“I'll tell you, Chester; first, because I cannot do it without your help, and second, because it is to your interest to get me out of this. I mean to ride overland to Westralia, and lose myself on the gold fields there.”

“What! Go over that infernal track where so many have perished? Milton, my boy, plucky as you are, you'll never do it.”

“Yet I mean to try. See here, Chester, I'll speak fair to you, although I believe you have been an accursed beast to me—there, don't protest. I gave Rosa up last night between eleven and twelve—she is no more to me now than the commonest street-walker, and I want nothing to do with her in future. I don't know what she is to you, and cuss me if I care, now that I have whistled her down the wind. In old times men risked their lives over a woman of this kind.

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I'm not that sort. I'm the product of the new Era.”

He grinned a ghastly grin and continued:

“I guess she'll have a divorce from Judge Jeffreys. He is a sympathetic cuss with grass widows of her description, and then you two will marry for the sake of the plunder, for you will be both too much skeared to let each other go in single harness, therefore you need not care much what comes of a coon like me. I'll go on the Wallaby track across the continent. If you hear no more of me, you'll know that my bones are bleaching on the plains. If I get across I shan't trouble you more than I can help, for, by the Lord! I don't like the scent of you, and, robber and murderer as I now am, I'd rather the crows picked my bones out yonder than know anything more of your family—I'll have a drain of your whisky all the same, though!”

He rose, and lifting the decanter, poured himself out a stiff glass, then, tossing it off, he returned quietly to his seat.

“You can stay here till I get what you want,” said the lawyer coldly.

“Three hundred quid in gold—a good, serviceable horse—a wig, and some other articles I may want to start with.”

“Yes, I'll get you these,” said Mr. Chester, still stiffly.

“That is all I want; say, where are your cartridges, I have only what my weapon holds at present?”

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“You'll find them in that table drawer.”


Jack went over to the drawer and found there not only the cartridges but the revolver of his host.

“I'll borrow this weapon for to-day,” he said quietly.

“All right.”

At that moment a key was heard inserted in the front door.

As Mr. Chester heard the sound he started to his feet to go out, when Jack stopped him with a frightful contortion of his face.

“God Almighty! don't go from this room, or I shall be tempted to blow both your brains out. Be open with me now that I know so much—I'll not harm either of you. Let me get behind this screen and see the last of the farce.”

He grinned like a devil, as he passed behind a Japanese screen, leaving his host standing in the centre of the room.

Another moment the door opened and Rosa darted inside. She was in a wild state of agitation, and without pausing she rushed forward, and flinging her arms round the lawyer's neck she kissed him loudly on the mouth before he could prevent her.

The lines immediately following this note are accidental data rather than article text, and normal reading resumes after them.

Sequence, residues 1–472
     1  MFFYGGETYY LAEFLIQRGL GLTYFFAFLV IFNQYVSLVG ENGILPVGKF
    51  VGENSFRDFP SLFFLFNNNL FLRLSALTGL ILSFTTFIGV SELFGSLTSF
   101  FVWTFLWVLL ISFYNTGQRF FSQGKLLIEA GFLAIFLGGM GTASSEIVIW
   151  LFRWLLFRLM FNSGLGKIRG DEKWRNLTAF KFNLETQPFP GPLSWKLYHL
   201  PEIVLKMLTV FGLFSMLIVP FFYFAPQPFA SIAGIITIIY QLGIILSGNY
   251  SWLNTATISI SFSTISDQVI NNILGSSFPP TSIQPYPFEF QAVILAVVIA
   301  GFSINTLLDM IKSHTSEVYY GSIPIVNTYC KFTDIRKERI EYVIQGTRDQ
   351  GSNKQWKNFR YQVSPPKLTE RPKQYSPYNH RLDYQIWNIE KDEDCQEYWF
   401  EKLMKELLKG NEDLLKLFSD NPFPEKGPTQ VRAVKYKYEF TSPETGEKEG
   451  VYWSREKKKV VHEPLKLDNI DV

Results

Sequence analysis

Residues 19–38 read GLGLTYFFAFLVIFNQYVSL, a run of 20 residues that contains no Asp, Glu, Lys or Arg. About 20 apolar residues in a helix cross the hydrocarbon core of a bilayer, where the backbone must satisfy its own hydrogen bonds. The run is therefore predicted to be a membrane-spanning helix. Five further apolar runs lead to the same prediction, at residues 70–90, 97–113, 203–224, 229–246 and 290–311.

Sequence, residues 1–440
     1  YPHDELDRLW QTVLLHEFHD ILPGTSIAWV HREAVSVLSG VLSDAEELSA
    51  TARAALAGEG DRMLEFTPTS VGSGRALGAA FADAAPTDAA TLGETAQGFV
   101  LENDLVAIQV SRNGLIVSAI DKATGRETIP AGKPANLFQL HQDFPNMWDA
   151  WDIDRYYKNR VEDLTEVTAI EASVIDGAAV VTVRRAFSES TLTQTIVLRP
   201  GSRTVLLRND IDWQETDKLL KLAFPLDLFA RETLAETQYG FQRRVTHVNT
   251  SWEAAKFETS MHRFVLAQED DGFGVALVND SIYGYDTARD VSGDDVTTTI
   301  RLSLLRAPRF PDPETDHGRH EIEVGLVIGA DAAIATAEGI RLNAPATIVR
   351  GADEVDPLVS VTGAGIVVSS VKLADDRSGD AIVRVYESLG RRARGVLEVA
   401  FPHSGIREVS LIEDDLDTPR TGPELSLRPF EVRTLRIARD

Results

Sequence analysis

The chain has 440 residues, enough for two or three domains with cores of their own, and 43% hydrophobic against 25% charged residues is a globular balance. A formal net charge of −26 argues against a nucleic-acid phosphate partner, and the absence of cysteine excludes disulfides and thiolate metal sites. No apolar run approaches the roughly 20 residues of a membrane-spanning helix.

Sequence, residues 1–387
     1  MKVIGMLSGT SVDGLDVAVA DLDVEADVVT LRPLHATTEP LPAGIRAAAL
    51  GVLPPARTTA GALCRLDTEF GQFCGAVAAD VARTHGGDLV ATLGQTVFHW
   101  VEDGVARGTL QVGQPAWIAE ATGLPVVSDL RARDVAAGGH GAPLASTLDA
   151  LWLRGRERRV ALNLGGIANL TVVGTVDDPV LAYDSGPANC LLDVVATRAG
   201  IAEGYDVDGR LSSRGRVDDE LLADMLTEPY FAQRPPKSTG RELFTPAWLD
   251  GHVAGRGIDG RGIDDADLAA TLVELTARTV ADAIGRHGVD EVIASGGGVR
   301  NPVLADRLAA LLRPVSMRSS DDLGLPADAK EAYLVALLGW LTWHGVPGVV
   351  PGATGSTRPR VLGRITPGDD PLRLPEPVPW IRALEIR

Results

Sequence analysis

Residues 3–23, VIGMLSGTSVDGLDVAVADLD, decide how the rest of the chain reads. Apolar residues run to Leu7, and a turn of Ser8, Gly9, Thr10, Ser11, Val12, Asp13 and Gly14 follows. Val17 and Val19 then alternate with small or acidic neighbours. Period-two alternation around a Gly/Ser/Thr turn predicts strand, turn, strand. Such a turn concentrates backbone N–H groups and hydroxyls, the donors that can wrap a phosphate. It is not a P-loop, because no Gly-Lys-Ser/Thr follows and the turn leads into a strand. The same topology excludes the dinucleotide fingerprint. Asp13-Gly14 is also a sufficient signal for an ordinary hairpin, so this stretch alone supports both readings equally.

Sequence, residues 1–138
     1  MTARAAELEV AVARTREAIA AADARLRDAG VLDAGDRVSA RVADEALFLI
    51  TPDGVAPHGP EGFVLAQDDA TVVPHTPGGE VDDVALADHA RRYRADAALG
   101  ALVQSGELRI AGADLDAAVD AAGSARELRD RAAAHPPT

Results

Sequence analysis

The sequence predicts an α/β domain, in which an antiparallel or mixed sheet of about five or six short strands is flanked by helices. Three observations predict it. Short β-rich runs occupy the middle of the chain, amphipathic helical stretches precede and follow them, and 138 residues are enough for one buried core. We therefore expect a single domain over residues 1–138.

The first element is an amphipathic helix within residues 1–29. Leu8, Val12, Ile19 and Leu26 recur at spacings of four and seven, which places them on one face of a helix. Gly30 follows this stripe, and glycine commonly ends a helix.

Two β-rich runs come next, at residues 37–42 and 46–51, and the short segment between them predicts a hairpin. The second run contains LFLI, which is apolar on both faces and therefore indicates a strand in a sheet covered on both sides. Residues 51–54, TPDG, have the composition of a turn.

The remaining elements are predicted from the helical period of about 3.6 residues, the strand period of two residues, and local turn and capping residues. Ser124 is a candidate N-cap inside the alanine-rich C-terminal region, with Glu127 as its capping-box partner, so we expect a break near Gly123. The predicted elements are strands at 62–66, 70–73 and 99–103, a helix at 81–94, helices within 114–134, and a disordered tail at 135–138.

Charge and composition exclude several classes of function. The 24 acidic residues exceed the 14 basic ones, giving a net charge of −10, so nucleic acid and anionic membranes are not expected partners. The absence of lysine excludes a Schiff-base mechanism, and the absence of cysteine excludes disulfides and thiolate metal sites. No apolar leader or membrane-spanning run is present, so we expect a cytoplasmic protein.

“Ah, Arthur, darling, what are we to do? The villain has escaped.”

Brer Fox Chester fell limply in his chair, while she, thinking that her news had overcome him, went on in a feminine torrent:

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“Yes, my pet, it is all true. I gave him the dose you got for me, and saw him drink it. I removed the cartridges from his revolver as you directed—everything seemed right—yet he made his escape.”

“Good God!” gasped Chester.

“Don't mention that name,” said Jack Milton coming from his retreat. “He must have left you both long ago, and the Devil, our master, looks after his own.”

As Chester sank down Rosa had gone with him, still embracing him, but at the sight of her husband, she started up with a savage cry.

“What are you mooning there for, Arthur Chester? That revolver he holds is harmless—shoot him like the dog he is.”

Chester's head sank down on his breast helplessly while he moaned feebly:

“He has got my weapon and my ammunition.”

“Sit down, Rosa, and compose yourself; I like grit, and if you are not the woman I thought you were, at least you are consistent in your own way,” said Jack Milton quietly as he came forward. “Don't mind me in the least. If you prefer his knee to the couch, then take it by all means, for I won't object. You settled that as far as I am concerned two hours ago—sit where you please and let us talk over our concerns.”

The young woman rose with a scowl on her brows and sat on a chair; she was now facing Jack, yet she looked at him remorselessly and defiantly.

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“Well, Jack Milton, you know the truth at last, and I don't care what more you know.”

Jack shrugged his shoulders as he replied gently:

“There's no more for me to know, Rosa. I made a mistake, or you did, so what is the good of talking about that? It is past now, and I am not such a cur as to cry over spilt milk. The only thing now to consider is what is best for us three. Chester there will explain to you my proposition. I fancy it will be more to your interest than if you gave me away to the hangman.”

Jack went once more over to the spirit decanter and helped himself to another glass, while Rosa looked at Chester as he lay limply in his arm-chair. It was one of these positions where the cuckold comes out the best.

A pause ensued while Jack lifted the glass to his lips and drank, then suddenly, before he had quite finished, he pitched the glass from him with disgust.

“Oh, dash it, Chester, take her out of this and explain matters to her outside. You know my ultimatum. Sell me if you like, but for pity's sake leave me to myself now.”

Arthur Chester rose to his feet, and giving his cousin his arm led her from the room, leaving the housebreaker behind.